Milford Mine Memorial Park

About the Collapse


"The history reads like a science fiction novel." Was this someone's bad dream? Not by a long shot, it was one of America's worst mining disasters and it happened right here. This is the site that on February 5, 1924, 41 miners lost their lives. On that fateful day a mine shaft collapsed allowing a flood of water and mud to fill an underground network of tunnels. The 200-foot Milford Mine had multiple levels with 1 shaft leading to the surface. Only 7 men made it to the surface alive. Location of Park

Preserving the Past


The Milford Mine Memorial Park project is a park that is dedicated to the 41 miners. Transforming this natural and man-made habitat into a recreation area to be enjoyed by area residents and visitors is a humble attempt to preserve the memory of those who gave their lives to pursue the American dream and provide for their families. Families of this and future generations will have this park as a place of reflection, recreation, and community.

Funding


In 2007, the board was presented with a concept plan for the park that listed a multi-year project with multiple phases. The goal was to identify the historic site, create walking paths and provide for outdoor recreation opportunities. Later phases were identified with the potential to create a main street walk exposing the building foundations near the mine that still exist on the site and provide photos to help visitors connect with the past. The plan includes walking paths near the main mine shaft with plans to plant 41 trees along the route for each of the miners who lost their lives in the mine collapse.

On March 27, 2007, the Crow Wing County Board agreed by resolution to provide matching funds for this project. $100,000 came from an Iron Range Resources grant. On February 24, 2009 the board approved an additional $50,000 in matching funds, demonstrating the county's commitment to this important project.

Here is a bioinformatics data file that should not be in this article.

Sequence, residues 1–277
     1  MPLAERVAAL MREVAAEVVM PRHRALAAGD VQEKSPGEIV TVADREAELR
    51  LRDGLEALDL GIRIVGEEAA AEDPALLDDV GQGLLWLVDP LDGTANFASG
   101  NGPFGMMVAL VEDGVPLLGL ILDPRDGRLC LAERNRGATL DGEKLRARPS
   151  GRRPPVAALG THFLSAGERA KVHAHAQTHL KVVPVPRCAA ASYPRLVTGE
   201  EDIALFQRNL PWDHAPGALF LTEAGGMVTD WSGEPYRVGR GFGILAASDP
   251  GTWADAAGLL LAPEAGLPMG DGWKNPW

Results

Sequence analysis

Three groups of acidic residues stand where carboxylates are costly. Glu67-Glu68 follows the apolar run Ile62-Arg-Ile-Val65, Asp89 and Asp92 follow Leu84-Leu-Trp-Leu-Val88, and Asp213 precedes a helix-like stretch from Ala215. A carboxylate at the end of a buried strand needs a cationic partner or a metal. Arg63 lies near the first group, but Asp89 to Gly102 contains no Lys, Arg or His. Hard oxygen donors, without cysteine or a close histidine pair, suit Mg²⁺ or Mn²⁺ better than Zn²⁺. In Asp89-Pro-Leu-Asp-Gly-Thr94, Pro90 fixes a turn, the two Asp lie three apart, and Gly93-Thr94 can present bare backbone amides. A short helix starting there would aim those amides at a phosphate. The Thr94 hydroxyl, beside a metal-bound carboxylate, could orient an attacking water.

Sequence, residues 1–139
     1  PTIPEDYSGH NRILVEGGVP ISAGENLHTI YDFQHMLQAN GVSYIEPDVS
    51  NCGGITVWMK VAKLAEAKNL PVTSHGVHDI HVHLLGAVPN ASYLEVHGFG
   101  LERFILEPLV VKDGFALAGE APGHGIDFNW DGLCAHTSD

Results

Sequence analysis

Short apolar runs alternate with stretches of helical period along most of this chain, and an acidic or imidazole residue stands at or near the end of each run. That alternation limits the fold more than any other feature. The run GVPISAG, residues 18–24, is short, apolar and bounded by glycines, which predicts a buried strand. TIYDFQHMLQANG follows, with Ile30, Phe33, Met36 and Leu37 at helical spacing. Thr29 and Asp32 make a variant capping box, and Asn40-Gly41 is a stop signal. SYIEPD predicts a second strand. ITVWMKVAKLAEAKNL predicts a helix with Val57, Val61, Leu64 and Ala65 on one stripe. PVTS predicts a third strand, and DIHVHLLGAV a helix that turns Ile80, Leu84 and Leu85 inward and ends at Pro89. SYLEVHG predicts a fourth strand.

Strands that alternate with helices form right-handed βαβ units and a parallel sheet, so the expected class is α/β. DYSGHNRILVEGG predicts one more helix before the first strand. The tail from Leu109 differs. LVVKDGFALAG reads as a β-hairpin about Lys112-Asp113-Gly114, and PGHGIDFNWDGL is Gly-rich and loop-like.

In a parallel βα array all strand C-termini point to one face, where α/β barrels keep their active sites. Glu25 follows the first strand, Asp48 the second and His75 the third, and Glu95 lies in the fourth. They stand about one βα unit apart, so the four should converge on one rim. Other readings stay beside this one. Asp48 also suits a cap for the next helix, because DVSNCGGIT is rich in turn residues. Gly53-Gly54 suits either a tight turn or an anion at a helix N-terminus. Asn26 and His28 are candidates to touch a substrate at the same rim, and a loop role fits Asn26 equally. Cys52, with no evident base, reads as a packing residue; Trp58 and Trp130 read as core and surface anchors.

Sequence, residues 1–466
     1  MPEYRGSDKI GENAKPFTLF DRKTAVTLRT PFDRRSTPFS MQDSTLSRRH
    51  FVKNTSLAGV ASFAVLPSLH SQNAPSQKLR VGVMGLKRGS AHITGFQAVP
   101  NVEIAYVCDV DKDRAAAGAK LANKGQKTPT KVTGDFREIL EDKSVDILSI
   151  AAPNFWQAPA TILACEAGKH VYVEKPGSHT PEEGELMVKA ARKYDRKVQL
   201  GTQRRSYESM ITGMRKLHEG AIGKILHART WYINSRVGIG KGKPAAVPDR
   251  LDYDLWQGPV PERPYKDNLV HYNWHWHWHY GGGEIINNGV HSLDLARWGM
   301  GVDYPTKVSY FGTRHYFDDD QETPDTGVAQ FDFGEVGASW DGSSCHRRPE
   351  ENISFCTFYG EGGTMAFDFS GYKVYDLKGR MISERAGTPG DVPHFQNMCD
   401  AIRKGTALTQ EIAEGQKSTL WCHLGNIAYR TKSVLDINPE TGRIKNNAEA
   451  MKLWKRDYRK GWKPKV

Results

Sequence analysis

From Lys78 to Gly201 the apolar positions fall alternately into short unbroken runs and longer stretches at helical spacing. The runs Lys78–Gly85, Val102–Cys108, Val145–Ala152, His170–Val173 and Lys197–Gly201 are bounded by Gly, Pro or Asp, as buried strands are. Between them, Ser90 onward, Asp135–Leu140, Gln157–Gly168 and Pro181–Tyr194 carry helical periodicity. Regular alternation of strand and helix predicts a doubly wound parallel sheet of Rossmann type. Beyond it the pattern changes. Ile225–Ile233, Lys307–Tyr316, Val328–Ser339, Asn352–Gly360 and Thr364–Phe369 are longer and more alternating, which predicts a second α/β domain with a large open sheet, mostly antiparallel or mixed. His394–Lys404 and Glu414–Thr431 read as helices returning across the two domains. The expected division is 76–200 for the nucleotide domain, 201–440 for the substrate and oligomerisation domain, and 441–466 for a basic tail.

In the fall of 2010, Phase 1 was developed and constructed by Holmvig Excavating which included improved public access, parking areas and a walking path along the north end of Milford Lake using the grant and matching funds from Crow Wing County.

October 2012, portions of Phase II was developed and constructed by Hy-Tec Construction of Brainerd using dedicated park development funds. Construction and installation included a picnic shelter, benches, picnic tables, bicycle rack and cooking grills. Landscape trees were planted and a park entrance sign was designed and installed.

June of 2013 included installation of a retaining wall and landscaping around the picnic shelter.

In early 2016, construction began on the "over-the-water" boardwalk. With the use of a Greater Minnesota Regional Parks and Trails Legacy grant of $279,000 and dedicated County recreation funds, the 450 foot long boardwalk, 3,500 lineal feet of interpretive trails, 3 large kiosks, Memorial Wall and interpretive sign installations were completed in October of 2016.

Additional items are being planned for summer of 2017 and includes a restroom facility, small picnic shelter near the Memorial Wall and west canoe launching/fishing platform.
 

History


The Milford Mine was considered for national nomination in February 2011. The National Park Service designated the mine as a historic place in August 2011. The registration form and attached information is available for public viewing. View pictures of the past and present mine area. Read about the tragic event in a 4 part series. 90th Anniversary of the Milford Mine Tragedy
Milford Mine Memorial Park achieves Regional Designation from the Greater Minnesota Regional Parks and Trails Commission.



Videos


Archaeological Survey Work